Kenny Rogers may quit overseas tours after Glastonbury

Kenny Rogers knows when to hold 'em, when to fold em' and when to walk away from touring overseas.
Kenny Rogers knows when to hold ‘em, when to fold em’ and when to walk away from touring overseas.

Veteran country singer Kenny Rogers says it may be time to call it quits on overseas tours — but not before a stint at Britain’s famed Glastonbury festival and a world music gig alongside Berber musicians in Morocco.

Rogers, 74, reckons the time he spends overseas may be too much for his family. He has been married five times.

“I have identical twin boys that are nine years old (and) I don’t like being that far away from them,” Rogers says. “There is a fine line between being driven and being selfish — I have crossed that line a few times — and I don’t want to do that to my boys.”

But the music goes on for now.

Rogers jokes that after hitting the charts in seven consecutive decades there are now two kinds of people who listen to him — those born since 1980 and those born before 1960 who can no longer remember 1960.

All of which should make the singer/songwriter’s appearance to woo festivalgoers later this week at the central Pyramid stage at Glastonbury at least a little perplexing.

Research shows the three-day event on farmland in southwest England — nearly always presented as a sea of mud populated by youngsters in rubber boots (known as wellies, in Europe, of course) — actually attracts 175,000 festivalgoers a day with an average age of 36.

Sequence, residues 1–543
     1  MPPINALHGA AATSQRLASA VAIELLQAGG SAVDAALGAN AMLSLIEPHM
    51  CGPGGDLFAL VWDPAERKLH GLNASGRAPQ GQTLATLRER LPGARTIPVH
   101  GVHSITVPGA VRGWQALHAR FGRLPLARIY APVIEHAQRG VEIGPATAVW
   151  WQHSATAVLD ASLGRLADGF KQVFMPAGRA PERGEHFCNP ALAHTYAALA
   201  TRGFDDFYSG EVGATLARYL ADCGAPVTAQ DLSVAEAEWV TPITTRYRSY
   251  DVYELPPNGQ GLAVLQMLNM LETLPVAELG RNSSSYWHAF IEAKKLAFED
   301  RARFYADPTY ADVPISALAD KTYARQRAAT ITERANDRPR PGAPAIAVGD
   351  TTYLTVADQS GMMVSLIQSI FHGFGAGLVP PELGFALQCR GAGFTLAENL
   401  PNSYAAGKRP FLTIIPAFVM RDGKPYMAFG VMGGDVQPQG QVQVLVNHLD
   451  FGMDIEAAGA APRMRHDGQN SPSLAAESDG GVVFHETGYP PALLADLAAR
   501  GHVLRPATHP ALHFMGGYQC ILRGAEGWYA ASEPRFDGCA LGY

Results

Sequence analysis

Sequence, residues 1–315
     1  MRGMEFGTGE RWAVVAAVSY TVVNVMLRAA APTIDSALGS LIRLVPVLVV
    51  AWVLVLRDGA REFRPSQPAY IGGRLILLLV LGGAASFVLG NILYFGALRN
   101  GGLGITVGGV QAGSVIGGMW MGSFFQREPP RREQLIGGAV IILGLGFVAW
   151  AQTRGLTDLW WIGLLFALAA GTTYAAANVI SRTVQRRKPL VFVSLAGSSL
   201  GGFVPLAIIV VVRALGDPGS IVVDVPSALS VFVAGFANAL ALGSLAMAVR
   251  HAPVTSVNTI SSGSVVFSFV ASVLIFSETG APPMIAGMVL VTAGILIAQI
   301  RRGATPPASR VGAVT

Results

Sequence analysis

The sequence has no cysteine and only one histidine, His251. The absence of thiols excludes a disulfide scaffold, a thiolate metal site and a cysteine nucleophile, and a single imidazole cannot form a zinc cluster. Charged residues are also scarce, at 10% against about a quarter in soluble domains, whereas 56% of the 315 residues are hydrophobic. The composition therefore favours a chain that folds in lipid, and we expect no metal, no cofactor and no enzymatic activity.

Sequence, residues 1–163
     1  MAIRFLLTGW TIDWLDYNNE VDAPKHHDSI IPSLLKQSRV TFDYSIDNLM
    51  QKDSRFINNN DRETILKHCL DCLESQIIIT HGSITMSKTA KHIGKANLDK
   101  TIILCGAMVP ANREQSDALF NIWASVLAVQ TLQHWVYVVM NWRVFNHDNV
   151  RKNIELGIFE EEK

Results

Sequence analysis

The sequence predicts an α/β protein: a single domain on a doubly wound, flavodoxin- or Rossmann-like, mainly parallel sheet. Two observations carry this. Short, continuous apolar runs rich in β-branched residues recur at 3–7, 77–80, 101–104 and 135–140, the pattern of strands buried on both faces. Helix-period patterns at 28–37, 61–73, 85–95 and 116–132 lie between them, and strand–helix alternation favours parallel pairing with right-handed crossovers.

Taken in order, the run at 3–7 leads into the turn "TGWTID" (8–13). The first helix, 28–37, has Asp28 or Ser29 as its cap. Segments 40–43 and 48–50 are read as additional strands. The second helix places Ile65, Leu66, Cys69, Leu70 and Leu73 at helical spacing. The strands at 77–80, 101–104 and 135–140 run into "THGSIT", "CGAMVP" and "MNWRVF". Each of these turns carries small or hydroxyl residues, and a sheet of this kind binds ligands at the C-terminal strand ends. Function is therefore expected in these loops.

“Those are my people,” Rogers responds when informed of the fact. “Their parents played my music as child abuse.”

With 24 No. 1 hits including “The Gambler,” “Lady,” “Lucille” and “Islands In The Stream,” Rogers reckons he has a few tricks up his sleeve to win the crowd over at Glastonbury.

He has learned them over a career that began in high school in the 1950s, carried through into the group The First Edition in the 1960s, and then morphed into one of the biggest country pop acts of the 1970s and 1980s.

“In performing, you entertain the first 10 rows and you acknowledge the back 10,” he says. “If the front 10 are excited, the back 10 will get excited.”

The back 10 can be some way from the stage at Glastonbury, which has transformed into the world’s biggest open-air music festival from a humble gathering of 1,500 people in 1970, but Rogers seems relatively unfazed.

“I was the first one to do those big stadiums,” he says, whilst admitting that he does worry a bit about the age of the crowd and being slightly out of his comfort zone.

Roger’s Glastonbury appearance is part of a tour of Britain and Ireland that includes shows in Birmingham, Manchester, Dublin and Edinburgh, before a return to U.S. performances.

Rogers, who was named in April as one of this year’s inductees to the Country Music Hall of Fame, is working on a new album due out later this year that will be slightly different from his traditional fare.

“It’s my sound but it is the most diverse album,” Rogers says, adding that some of it sounds like U2.

But first, on Wednesday, comes an unusual appearance in Agadir, Morocco.

Rogers will sing at the Festival Timitar, a four-day world music event with the likes of French chanteuse Nolwenn Leroy and Moroccan Berber singer Raïssa Fatima Tabaamrant.



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